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Executive Office

1611 N.W. 12th Avenue

Miami, Florida 33136-1096

April 16, 2010

President Barack Obama

The White House
1600 Pennsylvania Ave.
Washington, D.C. 20500

Dear Mr. President,

We would like to commend you for taking a strong stance against sexual orientation and gender identity
discrimination in regard to hospital visitation rights. Jackson Health System (JHS) in Miami is proud to be a
nationwide leader in this effort. Jackson has always been inclusive of the homosexual, bisexual and
transgender community. Still, we recently updated all of our policies, including visitation, to make them even
more specifically inclusive for any patient, family member or visitor who walks through our doors.

Throughout this yearlong process, JHS worked with the Gay and Lesbian Medical Association, as well as
national organizations including Alliance for Gay, Lesbian, Bisexual, Transgender and Questioning Youth;
CenterLink; Equality Florida; Florida Together; Lambda Legal; Miami Workers' Center; Out with Cancer;
Pride Center at Equality Park; SAVE Dade; and the Transgender Equality Rights Initiative.

Included in our revised policies is a new definition of “family, family member and visitor” and a clear
process for family and visitors to file and resolve policy disputes regarding patient access. Jackson’s mission
is to provide one standard of quality care for all our patients. Equal treatment and care for everyone,
regardless of sexual orientation, gender identity or expression, marital status or other aspects of personal
identity, is of paramount importance to our institution.

We would also like to take this opportunity to provide you with some clarification on the allegations being
made by Janice Langbehn, whose partner was treated at Jackson’s Ryder Trauma Center in 2007. From the
beginning, JHS has vehemently denied that Ms. Langbehn was denied visitation due to her sexual
orientation. The United States District Court for the Southern District of Florida dismissed Ms. Langbehn’s
lawsuit against Jackson Memorial Hospital in September 2009.

Ms. Langbehn’s allegations and those made by published articles, blogs, etc., are inaccurate and have
damaged the reputations and deeply hurt the feelings of the personnel in our trauma center. They have
devoted their careers to all who come through our doors, from all walks of life.

JHS grants hospital visitation to all individuals equally, regardless of their relationship to the patient, as long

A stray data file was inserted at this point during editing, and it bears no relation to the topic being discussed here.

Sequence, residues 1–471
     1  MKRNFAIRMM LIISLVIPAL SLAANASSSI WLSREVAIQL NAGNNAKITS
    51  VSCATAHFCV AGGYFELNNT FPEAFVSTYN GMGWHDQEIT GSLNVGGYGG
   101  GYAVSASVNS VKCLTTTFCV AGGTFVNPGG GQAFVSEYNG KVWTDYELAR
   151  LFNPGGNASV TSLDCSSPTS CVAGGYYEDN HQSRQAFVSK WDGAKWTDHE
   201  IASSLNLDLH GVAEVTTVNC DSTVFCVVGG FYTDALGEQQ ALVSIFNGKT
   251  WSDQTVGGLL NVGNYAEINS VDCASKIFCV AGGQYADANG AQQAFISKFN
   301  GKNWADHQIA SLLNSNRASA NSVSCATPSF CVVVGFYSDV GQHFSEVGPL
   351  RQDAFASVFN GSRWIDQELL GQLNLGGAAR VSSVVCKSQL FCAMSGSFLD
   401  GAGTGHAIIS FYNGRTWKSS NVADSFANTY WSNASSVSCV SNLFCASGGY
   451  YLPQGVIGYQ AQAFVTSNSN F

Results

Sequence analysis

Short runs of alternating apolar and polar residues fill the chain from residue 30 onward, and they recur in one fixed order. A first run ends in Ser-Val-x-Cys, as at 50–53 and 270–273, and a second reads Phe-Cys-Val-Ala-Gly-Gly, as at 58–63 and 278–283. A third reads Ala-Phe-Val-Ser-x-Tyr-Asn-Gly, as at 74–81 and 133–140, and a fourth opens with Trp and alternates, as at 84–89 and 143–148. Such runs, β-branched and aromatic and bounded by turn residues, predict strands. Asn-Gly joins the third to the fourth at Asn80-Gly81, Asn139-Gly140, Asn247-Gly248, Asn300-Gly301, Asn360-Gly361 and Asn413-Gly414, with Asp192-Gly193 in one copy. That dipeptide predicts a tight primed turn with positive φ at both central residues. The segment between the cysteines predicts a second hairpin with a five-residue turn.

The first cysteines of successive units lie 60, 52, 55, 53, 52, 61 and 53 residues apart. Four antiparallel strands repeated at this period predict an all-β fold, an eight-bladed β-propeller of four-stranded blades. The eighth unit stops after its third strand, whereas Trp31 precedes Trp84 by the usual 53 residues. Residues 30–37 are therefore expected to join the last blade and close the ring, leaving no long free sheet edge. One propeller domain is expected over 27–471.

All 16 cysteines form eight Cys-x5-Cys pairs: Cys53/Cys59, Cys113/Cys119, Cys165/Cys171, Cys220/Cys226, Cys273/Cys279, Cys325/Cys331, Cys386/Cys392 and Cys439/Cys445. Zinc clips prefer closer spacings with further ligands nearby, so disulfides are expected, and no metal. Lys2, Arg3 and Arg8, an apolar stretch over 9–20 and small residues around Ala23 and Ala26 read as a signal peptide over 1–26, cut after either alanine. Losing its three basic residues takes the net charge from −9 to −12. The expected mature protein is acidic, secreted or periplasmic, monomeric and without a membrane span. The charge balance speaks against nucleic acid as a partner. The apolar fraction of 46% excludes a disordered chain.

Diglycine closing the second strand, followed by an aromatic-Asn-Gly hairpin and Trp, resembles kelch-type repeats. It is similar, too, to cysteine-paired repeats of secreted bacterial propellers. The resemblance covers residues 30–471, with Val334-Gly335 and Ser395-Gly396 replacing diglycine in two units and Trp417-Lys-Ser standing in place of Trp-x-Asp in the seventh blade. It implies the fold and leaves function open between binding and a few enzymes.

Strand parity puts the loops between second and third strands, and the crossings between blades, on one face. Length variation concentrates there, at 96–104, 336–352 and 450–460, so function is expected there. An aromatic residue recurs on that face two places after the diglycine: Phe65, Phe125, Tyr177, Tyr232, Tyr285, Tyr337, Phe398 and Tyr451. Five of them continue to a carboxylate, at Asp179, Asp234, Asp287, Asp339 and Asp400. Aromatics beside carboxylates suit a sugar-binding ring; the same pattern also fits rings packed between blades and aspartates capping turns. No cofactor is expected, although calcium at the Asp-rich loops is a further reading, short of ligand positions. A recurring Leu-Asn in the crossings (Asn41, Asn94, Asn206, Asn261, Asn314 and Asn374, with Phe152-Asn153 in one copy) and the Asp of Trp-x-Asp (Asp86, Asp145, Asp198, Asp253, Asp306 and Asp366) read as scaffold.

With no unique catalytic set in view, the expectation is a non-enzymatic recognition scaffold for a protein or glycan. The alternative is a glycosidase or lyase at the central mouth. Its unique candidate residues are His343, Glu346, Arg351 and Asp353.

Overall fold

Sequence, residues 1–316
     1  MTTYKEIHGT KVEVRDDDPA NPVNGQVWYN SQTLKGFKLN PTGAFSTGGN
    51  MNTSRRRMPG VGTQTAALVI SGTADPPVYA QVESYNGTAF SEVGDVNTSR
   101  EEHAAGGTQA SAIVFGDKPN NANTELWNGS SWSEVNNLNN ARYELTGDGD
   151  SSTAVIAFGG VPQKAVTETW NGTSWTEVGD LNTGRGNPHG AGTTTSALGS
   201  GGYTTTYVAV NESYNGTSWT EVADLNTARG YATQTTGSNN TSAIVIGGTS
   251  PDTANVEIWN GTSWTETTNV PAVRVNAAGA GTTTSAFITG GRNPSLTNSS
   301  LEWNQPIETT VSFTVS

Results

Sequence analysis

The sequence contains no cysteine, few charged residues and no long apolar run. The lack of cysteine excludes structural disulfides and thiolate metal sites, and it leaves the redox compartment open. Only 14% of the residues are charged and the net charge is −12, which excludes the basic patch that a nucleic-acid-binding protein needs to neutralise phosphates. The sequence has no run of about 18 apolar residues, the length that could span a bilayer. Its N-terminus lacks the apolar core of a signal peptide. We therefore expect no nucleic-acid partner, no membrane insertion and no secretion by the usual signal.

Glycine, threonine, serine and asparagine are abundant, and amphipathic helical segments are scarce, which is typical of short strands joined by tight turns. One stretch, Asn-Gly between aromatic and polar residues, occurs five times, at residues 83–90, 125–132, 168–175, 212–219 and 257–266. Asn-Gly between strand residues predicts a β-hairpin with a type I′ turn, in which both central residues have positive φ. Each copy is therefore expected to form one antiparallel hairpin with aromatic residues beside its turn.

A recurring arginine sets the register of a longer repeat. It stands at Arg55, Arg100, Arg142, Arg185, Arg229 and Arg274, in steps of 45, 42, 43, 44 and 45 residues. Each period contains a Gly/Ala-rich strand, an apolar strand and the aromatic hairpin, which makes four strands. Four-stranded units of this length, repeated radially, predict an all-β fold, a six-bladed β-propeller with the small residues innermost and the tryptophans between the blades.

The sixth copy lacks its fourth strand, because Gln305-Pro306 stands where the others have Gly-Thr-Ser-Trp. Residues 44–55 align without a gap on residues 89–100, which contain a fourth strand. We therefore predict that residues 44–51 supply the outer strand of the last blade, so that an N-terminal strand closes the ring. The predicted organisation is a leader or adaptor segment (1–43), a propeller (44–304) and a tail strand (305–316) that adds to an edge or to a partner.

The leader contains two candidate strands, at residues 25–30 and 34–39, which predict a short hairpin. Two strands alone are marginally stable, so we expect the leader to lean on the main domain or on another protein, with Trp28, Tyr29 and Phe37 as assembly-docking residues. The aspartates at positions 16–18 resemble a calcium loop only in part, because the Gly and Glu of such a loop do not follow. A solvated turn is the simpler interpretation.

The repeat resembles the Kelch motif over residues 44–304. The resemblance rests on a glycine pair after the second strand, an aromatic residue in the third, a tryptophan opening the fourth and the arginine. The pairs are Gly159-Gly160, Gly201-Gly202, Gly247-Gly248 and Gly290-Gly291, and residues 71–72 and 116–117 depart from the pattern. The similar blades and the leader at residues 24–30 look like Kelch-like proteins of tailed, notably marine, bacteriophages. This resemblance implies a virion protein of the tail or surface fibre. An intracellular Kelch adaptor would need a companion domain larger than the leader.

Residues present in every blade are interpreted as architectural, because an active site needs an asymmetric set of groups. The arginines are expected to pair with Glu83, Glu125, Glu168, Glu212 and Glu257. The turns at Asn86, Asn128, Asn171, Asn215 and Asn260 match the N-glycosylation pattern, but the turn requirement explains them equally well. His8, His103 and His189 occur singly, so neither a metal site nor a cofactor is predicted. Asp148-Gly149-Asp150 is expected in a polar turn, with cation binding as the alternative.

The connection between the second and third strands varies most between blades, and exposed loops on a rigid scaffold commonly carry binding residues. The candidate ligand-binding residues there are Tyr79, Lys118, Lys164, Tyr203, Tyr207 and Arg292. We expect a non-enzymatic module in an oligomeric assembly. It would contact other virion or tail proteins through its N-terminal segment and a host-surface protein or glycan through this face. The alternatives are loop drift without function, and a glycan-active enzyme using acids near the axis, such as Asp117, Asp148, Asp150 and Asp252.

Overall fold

as doing so does not interfere with the care being given to the patient or other patients in the area. With that
said, our first priority when a patient is brought to our trauma center is always to stabilize the patient and
save their life. As the only adult and pediatric Level 1 trauma center in Miami-Dade County to support a
population of more than 2.3 million people, our facility is one of the busiest – and most renowned – in the
The Trauma Resuscitation Unit in Ryder Trauma Center, where Lisa Pond was treated when airlifted to
Jackson, is more like a large operating room with multiple beds separated by glass partitions rather than a
traditional hospital floor. Sometimes, visitors are not able to see a loved one in the trauma bay as quickly as
they would like or they may have to wait until the patient is moved to the ICU or to another area of the
hospital that is better suited for visitation. This all depends on the circumstances of the situation, how busy
the unit is at the time and the medical conditions of the patients in the unit at the time. The patients in this
area are facing life-threatening injuries or illnesses and are extremely vulnerable.

The most important piece of information to consider from our side of this story is that the charge nurse on
duty the night Ms. Pond was in our care – and the person who made all visitation access decisions that
evening – is herself a lesbian with a life partner. In addition, numerous members of the medical team
working in our trauma unit are openly homosexual. We can assure you that Ms. Langbehn was not treated
differently because of her sexual orientation.

This case took its toll on everyone involved, and we continue to be deeply sorry for the devastating loss
suffered by Ms. Langbehn and her children.

Again, we applaud you for your efforts and are proud of our history as a model institution in demonstrating
our long-standing commitment to equality for LGBT patient care.


Eneida O. Roldan, M.D., M.P.H., M.B.A. John H. Copeland III

President & C.E.O. Chairman
Jackson Health System Public Health Trust Board of Trustees